Belfast Telegraph

Brendan Howlin: Fine Gael were ‘testing the water’ with Verona Murphy

The Labour Party leader has said Fine Gael should have acted more decisively and deselected controversial candidate Verona Murphy sooner.

Labour leader Brendan Howlin has criticised Fine Gael (Niall Carson/PA)
Labour leader Brendan Howlin has criticised Fine Gael (Niall Carson/PA)

By Aine McMahon PA

Labour Party leader Brendan Howlin has accused Fine Gael of “testing the water” with controversial candidate Verona Murphy.

Mr Howlin said he was “deeply concerned” about remarks made by Ms Murphy in the recent by-election campaign and warned we will see more of them in next year’s campaign.

Ms Murphy ran a controversial by-election campaign which saw her come in for sustained criticism for a series of comments about migrants.

She failed to win a seat and was dropped from the general election ticket by Fine Gael in December.

In an interview with the PA news agency, Mr Howlin said Ms Murphy should have been deselected by Fine Gael before having a chance to run.

There's a lot of people now doing hard work and working 39 or 40 hours a week and can't afford basic things like being able to buy or rent a house. Brendan Howlin

“I was deeply concerned about the remarks made by Verona Murphy during the campaign. I was very deeply concerned that (her remarks) might have traction, and I was very glad they didn’t.

“I think that Fine Gael should have acted much more decisively and much earlier, in terms of saying this is not acceptable and this is not our candidate, because we’re not going to align our party with those values, but they didn’t.

“And I think many of us believe that Fine Gael were testing the waters to see how far they could get away with that sort of two stranded approach to disowning her after the event when it didn’t work – which is a different kettle of fish than to disowning her in the middle of the election by simply saying – those values, those views have no room and no space in our politics.”

Mr Howlin suggested we will see more general election candidates making similar remarks about migrants in the next election campaign.

“I think there will be more of it. I think we will see more of it being presented in the next general election. I think there’s a leadership responsibility on all of us to say that that’s not acceptable.

“We have, by and large in Ireland, kept that toxic racist scapegoating of minorities out of our political discourse – by and large, there are some obvious exceptions to that. But, if that is to be embraced by any mainstream party, I think it will have a very negative effect and a very divisive and damaging effect on politics.”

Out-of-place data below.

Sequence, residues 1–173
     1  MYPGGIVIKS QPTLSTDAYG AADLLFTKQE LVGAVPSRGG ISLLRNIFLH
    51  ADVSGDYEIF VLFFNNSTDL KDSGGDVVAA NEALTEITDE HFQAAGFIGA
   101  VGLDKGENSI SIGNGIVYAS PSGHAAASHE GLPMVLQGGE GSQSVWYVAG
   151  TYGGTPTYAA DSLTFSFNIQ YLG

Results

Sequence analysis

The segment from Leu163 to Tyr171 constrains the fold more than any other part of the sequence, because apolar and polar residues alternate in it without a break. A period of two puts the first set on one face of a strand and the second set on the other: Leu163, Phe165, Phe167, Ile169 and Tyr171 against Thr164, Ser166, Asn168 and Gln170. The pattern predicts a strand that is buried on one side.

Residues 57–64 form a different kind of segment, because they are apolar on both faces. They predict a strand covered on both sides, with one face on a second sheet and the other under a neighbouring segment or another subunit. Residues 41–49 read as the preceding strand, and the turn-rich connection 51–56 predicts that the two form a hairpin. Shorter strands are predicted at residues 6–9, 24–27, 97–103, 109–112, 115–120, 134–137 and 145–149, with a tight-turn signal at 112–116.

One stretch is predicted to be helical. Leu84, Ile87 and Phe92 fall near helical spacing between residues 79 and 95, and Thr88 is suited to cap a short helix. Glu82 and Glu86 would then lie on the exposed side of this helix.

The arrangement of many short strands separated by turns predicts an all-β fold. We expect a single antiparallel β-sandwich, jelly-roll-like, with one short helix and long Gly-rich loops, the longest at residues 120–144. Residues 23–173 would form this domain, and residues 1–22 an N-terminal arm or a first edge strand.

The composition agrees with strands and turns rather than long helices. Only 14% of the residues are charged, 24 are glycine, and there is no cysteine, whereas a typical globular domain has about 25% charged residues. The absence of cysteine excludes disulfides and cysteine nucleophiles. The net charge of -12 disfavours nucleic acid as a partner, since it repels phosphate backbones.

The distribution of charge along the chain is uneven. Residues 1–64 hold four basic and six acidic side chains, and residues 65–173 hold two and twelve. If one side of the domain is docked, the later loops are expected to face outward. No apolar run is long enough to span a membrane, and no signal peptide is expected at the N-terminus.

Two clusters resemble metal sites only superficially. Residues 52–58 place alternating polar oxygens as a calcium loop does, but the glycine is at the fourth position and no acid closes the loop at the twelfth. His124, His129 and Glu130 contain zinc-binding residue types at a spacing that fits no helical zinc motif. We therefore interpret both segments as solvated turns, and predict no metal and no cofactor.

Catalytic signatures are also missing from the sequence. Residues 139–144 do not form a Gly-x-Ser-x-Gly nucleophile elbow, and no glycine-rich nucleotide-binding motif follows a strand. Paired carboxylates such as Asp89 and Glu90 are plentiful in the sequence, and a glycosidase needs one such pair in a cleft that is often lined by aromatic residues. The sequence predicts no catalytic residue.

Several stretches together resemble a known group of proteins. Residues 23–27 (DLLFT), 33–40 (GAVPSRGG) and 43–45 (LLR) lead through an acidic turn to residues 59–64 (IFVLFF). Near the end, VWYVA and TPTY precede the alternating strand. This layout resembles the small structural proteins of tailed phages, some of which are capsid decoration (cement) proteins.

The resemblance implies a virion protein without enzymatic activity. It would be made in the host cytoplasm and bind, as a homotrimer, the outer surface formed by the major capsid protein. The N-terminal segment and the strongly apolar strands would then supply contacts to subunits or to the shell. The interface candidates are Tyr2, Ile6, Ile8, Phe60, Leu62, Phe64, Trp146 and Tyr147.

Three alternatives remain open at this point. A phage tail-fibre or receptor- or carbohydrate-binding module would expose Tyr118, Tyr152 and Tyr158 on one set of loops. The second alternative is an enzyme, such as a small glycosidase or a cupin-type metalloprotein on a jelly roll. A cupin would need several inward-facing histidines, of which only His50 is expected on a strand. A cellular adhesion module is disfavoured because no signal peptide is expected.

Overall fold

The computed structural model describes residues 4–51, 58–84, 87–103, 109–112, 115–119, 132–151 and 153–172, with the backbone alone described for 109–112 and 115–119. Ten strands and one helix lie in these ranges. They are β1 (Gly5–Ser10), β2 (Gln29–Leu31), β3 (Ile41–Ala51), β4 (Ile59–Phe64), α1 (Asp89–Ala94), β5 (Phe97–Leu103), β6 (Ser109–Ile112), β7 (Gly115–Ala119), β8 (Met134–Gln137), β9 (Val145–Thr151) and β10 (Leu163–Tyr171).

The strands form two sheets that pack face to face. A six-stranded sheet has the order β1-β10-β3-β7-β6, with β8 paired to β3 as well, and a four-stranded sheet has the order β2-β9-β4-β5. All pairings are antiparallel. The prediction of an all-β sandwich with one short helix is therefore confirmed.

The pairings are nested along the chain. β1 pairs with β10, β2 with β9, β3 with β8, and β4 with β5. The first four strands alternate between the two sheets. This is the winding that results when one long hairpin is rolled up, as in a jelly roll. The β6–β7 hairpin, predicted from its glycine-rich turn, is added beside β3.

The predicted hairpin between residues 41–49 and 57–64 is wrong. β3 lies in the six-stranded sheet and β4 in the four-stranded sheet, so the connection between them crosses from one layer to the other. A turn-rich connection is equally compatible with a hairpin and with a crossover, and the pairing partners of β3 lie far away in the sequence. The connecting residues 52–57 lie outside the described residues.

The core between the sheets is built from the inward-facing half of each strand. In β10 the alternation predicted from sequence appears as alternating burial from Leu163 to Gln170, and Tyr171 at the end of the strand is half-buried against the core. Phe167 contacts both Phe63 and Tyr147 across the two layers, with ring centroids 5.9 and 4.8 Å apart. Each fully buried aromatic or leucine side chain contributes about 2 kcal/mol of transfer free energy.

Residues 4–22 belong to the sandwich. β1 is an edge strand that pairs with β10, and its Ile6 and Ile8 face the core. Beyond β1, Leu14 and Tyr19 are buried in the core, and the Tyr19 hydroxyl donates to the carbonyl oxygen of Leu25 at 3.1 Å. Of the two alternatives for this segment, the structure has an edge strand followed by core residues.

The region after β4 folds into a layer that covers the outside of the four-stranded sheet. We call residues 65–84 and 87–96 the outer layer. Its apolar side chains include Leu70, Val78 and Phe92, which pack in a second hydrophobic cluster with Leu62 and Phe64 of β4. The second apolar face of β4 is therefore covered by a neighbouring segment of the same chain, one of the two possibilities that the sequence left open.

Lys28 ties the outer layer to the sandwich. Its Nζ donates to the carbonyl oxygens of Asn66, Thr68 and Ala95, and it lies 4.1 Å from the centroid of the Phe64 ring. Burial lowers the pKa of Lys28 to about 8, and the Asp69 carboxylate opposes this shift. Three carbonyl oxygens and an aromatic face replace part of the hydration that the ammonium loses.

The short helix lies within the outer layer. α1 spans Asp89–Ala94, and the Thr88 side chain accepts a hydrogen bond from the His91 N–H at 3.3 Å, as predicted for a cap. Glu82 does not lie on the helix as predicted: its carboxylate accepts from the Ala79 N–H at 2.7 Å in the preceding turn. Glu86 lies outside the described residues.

Looking ahead, he predicted Labour will double its current number of seats from seven to 14 and said they will go into government with any party that adheres to its five red lines.

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Brendan Howlin in his office at Leinster House (Niall Carson/PA)

They include the establishment of a living wage, a housing policy to build 80,000 affordable homes over five years, Slaintecare and addressing the gender pay gap.

“We have the biggest gap in pay in the OECD. The gap between the lowest paid or the highest paid in Ireland is the worst in the OECD, that we mask that by having good progressive taxation policy largely put in place by the Labour Party, and by good progressive social welfare provision again largely championed by the Labour Party, but that is simply masking fundamental inequality.”

“There’s a lot of people now doing hard work and working 39 or 40 hours a week and can’t afford basic things like being able to buy or rent a house.

“There are whole categories of workers in our cities, who are cleaners or caterers and so on, who can’t afford to live in our cities. That’s just wrong. These are the big challenges for the next phase of our progressive future – we want to build an economic equality, as well as the social equality that we’ve built as a labour movement and worked so hard to achieve.”

Mr Howlin said Fine Gael will be punished in the next election for failing to empathise with the concerns of voters.

“Fine Gael will be judged very harshly over social failures. I don’t think that they empathise with the homeless, with the plight of people who can’t afford the rent. I don’t think they understand the impact of not being able to plan what you can afford to spend as a family.

“And I think if you look at the fact that we’re now facing into Christmas with 4,000 children homeless; that is an extraordinary indictment for an economy that’s doing very well and for a country that is among the richest in the world.

“The fact that we haven’t solved the housing crisis, or we haven’t solved the health crisis and health inequality issues… it is fundamentally because neither Fine Gael or Fianna Fail embrace public services in the way that a liberal party does.”

PA

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